"[More divorces take] about a year, if not a year and a half – possibly longer. I've been involved in one that's been seven or eight years, [but] it's surprising if it's more than two or three years nowadays. Inevitably issues surrounding children go on for years and years because they remain a potential issue for years and years."
"Any lawyer will work very hard to not allow a situation to arise when people with raw emotions get into a room where it's gonna happen. It happens, but it's regrettable. People can get very angry, and sometimes they do things that are irrational. Lawyers should try to arrange situations in such a way where it's unlikely to happen."
"Prenups are increasingly common. They're not fully binding but they are highly persuasive. If they've been properly negotiated and everyone's been legally represented and knows what they mean, they are likely to be effectively enforced. They're much more common, they're not just in cases when there are massive amounts of money."
"What [prenups] tend to do is preserve what people bring into a marriage as a separate entity so they belong to the person who brings them in. It's usually about preserving assets and inheritance that you bring into a marriage – not what you create in a marriage. Oh, and what you may inherit after the divorce, too."
"It's an uncomfortable process to go through before you're married to acknowledge that you possibly might get divorced. From my experience, as you've had that negotiation before you're married, it may well be there's less acrimony [about prenups during divorce] because the argument has already taken place. However, it is said also, that all a prenup does is potentially shift the battleground away from a general argument to a specific argument as to whether that prenup was reasonable."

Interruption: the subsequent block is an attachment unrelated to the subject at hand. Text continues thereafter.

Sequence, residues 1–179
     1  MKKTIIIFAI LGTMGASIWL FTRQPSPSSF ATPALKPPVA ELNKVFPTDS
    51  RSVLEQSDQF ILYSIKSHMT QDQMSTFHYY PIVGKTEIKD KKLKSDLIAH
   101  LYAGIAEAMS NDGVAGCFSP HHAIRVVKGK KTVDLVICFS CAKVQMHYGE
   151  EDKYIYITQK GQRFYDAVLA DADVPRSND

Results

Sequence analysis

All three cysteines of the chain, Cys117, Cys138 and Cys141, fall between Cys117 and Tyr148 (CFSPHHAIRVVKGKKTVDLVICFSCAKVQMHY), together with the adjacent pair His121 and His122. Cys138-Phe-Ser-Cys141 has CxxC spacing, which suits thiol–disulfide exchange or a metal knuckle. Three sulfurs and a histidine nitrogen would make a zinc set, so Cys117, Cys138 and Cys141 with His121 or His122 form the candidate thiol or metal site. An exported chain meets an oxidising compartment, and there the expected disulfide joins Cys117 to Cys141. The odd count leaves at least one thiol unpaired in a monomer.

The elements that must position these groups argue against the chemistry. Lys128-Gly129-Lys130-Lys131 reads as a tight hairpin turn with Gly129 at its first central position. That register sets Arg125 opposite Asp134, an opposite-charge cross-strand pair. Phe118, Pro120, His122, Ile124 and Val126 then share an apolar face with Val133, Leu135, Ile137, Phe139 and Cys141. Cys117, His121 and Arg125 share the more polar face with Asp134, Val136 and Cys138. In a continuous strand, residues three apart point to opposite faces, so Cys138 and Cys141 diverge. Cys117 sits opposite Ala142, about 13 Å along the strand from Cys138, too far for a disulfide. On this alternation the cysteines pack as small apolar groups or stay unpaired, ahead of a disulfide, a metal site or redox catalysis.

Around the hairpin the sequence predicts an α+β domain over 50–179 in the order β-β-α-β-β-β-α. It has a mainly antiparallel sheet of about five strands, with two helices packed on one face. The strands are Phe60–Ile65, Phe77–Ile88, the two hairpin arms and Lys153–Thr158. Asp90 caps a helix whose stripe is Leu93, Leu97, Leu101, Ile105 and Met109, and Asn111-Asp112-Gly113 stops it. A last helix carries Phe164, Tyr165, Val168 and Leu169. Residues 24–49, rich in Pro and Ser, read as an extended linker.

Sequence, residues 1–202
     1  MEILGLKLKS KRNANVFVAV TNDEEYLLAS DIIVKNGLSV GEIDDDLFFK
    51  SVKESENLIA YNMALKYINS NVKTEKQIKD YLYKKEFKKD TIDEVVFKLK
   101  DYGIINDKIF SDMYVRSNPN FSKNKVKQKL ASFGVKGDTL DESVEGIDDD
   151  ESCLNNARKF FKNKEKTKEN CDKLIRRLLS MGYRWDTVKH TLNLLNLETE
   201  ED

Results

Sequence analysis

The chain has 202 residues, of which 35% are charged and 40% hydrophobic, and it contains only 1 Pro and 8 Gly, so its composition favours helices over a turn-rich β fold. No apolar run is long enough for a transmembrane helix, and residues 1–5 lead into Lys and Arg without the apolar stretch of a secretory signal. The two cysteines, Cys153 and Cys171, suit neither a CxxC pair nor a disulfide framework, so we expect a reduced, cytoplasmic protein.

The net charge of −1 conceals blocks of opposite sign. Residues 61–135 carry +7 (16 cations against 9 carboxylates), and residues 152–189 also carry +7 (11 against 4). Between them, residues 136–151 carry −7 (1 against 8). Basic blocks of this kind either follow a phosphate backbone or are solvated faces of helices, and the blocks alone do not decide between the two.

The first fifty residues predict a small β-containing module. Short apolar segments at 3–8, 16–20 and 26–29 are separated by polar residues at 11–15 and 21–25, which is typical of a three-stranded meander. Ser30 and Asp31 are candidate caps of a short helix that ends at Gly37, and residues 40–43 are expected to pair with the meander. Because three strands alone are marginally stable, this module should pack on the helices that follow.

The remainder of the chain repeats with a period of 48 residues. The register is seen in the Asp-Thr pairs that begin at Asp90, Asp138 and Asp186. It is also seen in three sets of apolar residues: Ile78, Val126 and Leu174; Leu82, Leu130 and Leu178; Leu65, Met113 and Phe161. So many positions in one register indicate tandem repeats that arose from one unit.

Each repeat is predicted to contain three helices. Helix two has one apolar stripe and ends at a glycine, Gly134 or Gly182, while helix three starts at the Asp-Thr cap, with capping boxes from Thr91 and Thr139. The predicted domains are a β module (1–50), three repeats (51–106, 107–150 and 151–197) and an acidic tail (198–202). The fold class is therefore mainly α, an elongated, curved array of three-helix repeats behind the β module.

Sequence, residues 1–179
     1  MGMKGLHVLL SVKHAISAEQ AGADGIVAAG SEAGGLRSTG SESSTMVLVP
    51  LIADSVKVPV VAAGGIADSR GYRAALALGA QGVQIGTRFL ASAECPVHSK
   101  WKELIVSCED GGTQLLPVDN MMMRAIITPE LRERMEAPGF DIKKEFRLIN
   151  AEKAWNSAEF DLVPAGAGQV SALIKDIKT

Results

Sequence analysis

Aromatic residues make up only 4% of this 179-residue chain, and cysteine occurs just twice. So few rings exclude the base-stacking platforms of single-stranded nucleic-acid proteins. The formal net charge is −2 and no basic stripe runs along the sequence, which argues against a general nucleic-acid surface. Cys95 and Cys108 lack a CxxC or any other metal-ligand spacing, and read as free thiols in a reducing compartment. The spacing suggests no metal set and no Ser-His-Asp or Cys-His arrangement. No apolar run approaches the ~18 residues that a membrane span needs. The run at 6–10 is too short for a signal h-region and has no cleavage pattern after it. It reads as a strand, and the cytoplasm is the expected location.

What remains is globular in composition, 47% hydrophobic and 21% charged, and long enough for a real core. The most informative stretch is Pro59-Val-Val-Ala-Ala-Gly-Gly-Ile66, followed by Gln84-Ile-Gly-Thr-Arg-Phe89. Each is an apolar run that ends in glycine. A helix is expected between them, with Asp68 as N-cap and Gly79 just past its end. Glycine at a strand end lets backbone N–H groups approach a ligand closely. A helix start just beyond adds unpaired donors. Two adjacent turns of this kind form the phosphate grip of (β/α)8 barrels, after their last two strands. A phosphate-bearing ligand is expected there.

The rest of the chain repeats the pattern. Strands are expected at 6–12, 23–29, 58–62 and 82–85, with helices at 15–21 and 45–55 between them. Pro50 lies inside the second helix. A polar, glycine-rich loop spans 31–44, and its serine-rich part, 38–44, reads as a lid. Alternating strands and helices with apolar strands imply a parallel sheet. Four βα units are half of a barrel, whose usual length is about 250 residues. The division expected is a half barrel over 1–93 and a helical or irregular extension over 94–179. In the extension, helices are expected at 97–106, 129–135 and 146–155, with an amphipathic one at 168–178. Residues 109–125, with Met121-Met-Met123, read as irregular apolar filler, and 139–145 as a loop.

"You can technically defend a divorce, which means that when someone can produces what's called a 'Divorce Petition' and outlines that the marriage has broken down for a number of reasons, the other party can say 'Well, it hasn't broken down. In fact, there shouldn't be a divorce.'"
"Being a divorce lawyer has taught me that there is no formula for a happy marriage. A lot of it is down to luck, a lot of it comes down to being prepared to listen to the other party. It's a great deal of luck – everybody changes, you might meet the right person at the right time, you might meet the right person at the wrong time. Inevitably, both of you will change as time goes on, and you hope to change at the same rate."
It's very important that if you have a divorce, you've got to make sure it's a divorce lawyer who you think you can work with and you get on with. The last thing you want is a lawyer who becomes too emotionally engaged in the process. If they start arguing with the other person's lawyer for the sake of arguing as opposed to doing it for your benefit. They've got to be compassionate but dispassionate.